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Monsanto reveals Vistive soybeansThe US multinational Monsanto unveiled a new soybean variety, the Vistive Soybean, which has a low linolenic acid content. It is a GM soybean because it is also Roundup Ready. This Vistive soybean will reduce or eliminate trans fatty acids (trans fats) in processed soybean oil, while maintaining performance parity with leading soybean varieties.
According to Kerry Preete, Vice President of U.S. Crop Production, said that Monsanto will give the opportunity to farmers to plant these soybeans for the 2005 crop season. This soybean carries the Vistive brand, Monsanto's new line of products offering direct consumer benefits. The farmers will have to producers the soybeans under contract with participating soybean processors, which will produce the soybean oil and market that soybean oil to food companies.
Scientists of Monsanto have been working more than 10 years to develop the VISTIVE soybeans. The Vistive soybeans will have same yields as other leading soybean varieties.
The Chairman of the American Soybean Association (ASA), Ron Heck, commented: "This is another premium-growing opportunity that ASA and ISA are pleased to make available to our members and those growers who become members as part of this program."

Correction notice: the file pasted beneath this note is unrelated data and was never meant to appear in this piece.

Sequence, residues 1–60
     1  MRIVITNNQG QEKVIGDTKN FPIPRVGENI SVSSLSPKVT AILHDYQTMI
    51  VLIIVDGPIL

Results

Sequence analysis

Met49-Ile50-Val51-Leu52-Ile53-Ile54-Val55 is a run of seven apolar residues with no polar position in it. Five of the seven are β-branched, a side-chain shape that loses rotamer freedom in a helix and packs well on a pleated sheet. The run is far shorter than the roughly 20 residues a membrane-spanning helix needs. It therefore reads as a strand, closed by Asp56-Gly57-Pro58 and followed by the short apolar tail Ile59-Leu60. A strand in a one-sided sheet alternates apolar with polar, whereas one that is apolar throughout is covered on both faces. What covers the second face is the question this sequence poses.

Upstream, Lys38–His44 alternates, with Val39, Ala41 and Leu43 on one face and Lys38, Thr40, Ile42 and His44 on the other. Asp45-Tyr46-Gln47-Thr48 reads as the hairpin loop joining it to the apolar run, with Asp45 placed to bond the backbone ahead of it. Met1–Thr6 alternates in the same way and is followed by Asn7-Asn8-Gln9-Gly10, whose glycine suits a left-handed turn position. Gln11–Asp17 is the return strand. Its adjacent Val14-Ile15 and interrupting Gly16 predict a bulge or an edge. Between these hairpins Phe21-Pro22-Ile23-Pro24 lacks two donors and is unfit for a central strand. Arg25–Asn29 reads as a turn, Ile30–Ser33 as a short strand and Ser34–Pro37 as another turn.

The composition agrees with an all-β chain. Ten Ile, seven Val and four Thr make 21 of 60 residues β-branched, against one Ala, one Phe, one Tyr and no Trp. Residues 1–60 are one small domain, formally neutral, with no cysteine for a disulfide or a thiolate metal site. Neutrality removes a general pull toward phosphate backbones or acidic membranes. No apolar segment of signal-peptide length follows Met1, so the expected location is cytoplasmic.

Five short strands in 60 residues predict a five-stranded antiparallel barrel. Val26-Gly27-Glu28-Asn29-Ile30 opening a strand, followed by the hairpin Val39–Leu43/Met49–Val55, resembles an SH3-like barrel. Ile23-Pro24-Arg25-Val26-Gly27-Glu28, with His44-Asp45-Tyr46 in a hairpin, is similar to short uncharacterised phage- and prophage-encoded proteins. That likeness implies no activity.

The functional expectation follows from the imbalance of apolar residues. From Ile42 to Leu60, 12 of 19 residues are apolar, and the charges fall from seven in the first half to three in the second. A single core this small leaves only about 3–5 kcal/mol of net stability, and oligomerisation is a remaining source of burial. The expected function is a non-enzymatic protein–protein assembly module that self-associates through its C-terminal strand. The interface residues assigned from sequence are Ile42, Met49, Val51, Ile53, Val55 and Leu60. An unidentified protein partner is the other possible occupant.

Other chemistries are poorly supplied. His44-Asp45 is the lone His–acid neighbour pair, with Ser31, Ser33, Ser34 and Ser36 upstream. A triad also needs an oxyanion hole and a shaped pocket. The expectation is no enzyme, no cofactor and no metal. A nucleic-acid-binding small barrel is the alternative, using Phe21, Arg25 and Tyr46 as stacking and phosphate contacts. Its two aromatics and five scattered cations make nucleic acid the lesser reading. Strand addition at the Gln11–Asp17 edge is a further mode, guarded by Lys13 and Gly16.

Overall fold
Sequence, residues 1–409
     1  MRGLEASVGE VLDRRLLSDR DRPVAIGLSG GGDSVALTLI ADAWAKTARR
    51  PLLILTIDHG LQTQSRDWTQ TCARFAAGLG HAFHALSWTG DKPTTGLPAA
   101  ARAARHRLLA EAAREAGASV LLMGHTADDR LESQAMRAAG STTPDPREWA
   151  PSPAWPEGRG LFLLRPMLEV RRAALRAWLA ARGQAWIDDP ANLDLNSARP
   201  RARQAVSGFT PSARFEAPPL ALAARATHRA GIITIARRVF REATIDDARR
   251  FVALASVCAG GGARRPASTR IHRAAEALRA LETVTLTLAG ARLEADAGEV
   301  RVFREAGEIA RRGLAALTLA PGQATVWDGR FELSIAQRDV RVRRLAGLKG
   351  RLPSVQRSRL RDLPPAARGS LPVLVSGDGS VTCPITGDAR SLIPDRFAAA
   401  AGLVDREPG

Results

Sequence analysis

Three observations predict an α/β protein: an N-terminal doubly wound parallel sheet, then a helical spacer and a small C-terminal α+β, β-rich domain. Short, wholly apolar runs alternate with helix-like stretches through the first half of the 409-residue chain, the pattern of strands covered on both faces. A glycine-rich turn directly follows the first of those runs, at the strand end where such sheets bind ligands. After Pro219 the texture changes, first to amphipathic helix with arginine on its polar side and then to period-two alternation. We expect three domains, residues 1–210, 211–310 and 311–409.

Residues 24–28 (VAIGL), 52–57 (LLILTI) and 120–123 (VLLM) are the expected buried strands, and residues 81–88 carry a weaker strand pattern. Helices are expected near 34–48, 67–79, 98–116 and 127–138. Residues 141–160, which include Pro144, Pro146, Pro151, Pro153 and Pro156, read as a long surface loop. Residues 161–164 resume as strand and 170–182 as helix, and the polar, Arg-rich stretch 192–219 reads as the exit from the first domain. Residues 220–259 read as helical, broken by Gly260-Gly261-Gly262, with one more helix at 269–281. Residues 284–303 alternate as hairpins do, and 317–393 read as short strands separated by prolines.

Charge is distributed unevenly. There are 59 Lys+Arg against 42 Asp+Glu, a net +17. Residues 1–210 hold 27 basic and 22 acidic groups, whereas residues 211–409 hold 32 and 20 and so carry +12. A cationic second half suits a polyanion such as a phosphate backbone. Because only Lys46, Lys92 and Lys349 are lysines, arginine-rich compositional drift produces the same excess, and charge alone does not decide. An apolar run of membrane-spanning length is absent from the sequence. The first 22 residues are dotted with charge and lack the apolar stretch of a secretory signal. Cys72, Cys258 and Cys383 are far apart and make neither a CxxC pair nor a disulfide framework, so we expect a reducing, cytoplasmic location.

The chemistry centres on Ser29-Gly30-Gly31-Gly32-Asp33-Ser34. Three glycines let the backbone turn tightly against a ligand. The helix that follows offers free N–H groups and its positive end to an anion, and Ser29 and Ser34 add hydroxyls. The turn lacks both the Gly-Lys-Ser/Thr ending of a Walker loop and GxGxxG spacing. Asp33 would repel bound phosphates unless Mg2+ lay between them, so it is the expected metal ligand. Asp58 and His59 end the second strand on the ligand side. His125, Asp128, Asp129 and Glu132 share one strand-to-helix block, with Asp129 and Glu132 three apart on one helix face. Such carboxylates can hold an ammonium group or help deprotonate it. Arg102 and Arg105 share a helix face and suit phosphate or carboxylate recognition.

Low linolenic content soybeansThe Vistive soybeans contain less than 3% linolenic acid, compared to 8% for traditional soybeans. This resulting in a more stable soybean oil because linolenic acid tends to oxidize quickly. This will make soybean oil with a better flavor profile, and less need for hydrogenation. Soybeans with less linolenic acid require less or no partial hydrogenation. Therefore the production of undesirable trans fats in processed soybean oil can be reduced or eliminated. Trans fats are produced during the hydrogenation process, which is used to increase shelf life and flavor stability in fried foods, baked goods, snack products and other processed foods. However, these trans fats are linked to heart disease, because they lower good cholesterol while raising bad cholesterol. The FDA requires that food labeling will include a trans fat content as from January 1, 2006. This will create an incentive for food manufacturers to switch over to fats with low levels of trans fats.